Harrison is fighting against forced equality that is in their constitution. He is rebelling and ends up in jail. They--the gov.--think he is trying to overthrow the government. He acts in an extreme way and ends up making proposterous allegations about his supreme abilities and thus value. He becomes a ruler, like a dictator, and ends up violating all that he formerly criticised. He is corrupted by power. His behavior resembles a dictators and, in this sense, Vonnegut is making a statement that power corrupts and that all dictatorships will result in failure. His suffering, in the end, speaks for Vonnegut's view on the fate of people who try to buck the system.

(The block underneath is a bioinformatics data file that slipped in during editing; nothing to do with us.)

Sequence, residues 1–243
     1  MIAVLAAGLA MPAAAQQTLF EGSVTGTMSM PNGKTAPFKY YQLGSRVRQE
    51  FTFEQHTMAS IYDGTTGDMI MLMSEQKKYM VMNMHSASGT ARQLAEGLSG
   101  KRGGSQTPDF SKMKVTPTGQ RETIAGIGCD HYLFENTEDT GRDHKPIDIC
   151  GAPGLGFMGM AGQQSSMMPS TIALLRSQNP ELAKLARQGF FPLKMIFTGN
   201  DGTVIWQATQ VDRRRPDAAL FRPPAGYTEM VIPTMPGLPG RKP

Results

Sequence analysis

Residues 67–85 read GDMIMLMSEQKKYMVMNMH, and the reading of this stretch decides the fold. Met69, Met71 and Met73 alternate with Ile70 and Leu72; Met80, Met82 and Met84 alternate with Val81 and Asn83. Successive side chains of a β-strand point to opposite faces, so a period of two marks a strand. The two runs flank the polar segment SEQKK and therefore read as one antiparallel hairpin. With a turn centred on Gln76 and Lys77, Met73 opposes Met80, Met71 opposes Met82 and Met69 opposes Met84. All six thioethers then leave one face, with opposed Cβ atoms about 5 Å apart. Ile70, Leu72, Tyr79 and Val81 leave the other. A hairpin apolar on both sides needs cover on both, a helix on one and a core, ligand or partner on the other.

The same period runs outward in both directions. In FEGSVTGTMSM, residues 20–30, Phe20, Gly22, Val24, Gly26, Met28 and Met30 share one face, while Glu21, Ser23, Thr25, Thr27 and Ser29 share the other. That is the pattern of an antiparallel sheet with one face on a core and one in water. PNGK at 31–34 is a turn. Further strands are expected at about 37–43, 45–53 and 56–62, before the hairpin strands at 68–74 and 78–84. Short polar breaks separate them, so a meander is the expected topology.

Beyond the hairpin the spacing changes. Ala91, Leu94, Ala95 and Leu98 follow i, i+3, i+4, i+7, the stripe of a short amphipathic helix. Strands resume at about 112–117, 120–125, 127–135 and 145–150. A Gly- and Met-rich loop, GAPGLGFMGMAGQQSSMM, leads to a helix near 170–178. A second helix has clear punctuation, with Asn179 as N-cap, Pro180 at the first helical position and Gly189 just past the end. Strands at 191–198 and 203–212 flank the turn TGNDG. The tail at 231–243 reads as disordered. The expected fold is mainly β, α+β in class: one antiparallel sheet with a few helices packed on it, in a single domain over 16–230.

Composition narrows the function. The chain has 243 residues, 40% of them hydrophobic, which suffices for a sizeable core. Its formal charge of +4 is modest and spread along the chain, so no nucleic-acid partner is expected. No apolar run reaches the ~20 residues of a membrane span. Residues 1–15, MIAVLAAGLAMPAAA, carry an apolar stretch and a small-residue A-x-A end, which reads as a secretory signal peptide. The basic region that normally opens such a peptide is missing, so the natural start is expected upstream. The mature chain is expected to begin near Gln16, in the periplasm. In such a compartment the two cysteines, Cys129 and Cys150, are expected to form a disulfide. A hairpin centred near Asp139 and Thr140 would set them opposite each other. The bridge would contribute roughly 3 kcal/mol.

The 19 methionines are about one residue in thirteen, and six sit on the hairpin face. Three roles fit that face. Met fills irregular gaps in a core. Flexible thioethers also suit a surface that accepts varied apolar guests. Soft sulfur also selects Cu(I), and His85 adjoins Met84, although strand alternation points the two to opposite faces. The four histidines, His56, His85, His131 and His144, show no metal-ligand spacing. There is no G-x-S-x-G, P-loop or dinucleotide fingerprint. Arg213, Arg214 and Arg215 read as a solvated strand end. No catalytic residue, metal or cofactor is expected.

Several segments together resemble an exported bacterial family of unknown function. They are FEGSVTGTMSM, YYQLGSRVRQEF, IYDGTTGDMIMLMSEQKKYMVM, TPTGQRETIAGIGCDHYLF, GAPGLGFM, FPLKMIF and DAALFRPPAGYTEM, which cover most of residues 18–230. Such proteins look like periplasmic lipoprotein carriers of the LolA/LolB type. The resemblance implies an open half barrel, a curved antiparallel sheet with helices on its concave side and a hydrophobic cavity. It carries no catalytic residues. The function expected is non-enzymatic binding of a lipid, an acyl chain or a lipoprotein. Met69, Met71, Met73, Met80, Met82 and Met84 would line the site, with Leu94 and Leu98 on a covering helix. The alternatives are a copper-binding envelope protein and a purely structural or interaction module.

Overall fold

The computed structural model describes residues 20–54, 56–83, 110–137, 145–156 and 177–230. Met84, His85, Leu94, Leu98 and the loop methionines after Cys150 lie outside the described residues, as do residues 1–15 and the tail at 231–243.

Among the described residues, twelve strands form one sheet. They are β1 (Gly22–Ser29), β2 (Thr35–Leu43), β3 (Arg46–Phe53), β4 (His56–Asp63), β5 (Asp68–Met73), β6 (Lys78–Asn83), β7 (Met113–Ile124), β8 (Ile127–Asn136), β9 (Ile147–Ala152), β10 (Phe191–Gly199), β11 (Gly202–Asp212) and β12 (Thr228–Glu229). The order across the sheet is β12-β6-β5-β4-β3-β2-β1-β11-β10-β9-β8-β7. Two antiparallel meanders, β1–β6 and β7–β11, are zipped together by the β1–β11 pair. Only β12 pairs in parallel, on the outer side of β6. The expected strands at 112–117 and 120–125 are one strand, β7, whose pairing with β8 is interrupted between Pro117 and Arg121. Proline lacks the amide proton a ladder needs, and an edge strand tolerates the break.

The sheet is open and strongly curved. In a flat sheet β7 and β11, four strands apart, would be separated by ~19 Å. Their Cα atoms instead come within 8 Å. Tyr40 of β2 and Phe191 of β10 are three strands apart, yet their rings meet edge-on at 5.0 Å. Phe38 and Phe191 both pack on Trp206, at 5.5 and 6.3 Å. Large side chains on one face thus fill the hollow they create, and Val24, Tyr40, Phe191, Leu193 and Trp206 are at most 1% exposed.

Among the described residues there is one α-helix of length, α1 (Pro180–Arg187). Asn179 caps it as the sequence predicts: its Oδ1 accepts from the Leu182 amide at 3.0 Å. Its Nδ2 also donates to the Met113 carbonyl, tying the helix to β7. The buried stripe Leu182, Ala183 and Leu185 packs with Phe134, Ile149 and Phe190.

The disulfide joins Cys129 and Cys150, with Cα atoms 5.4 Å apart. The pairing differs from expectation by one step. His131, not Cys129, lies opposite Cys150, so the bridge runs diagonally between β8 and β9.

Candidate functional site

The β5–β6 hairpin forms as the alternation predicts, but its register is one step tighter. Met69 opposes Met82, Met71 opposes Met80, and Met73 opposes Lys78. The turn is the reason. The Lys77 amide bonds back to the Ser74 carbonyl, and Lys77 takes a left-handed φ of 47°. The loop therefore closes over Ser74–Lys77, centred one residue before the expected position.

Harrison Bergeron breaks out of jail where he is held on suspicion of wanting to overthrow the government in Kurt Vonnegut's story, "Harrison Bergeron." His act is rebellion against this suppressive government and its forced equality authorized by the Amendments to the Constitution.
In his act of rebellion, however, Harrison overreacts as he declares himself emperor; as a superhuman, he says he will be "a greater ruler than any man who has ever lived." And, ironically, his attempt to overthrow the totalitarian government is totalitarian itself as he orders the musicians to remove their handicaps and play as he selects his Empress by grabbing the beautiful ballerina. His rule is extremely short-lived like that of most dictators. Thus, Vonnegut implies that power must always corrupt. Tragically, too, Harrison's attempt to free others ends in death, leaving the futility of trying to move upward in society intact.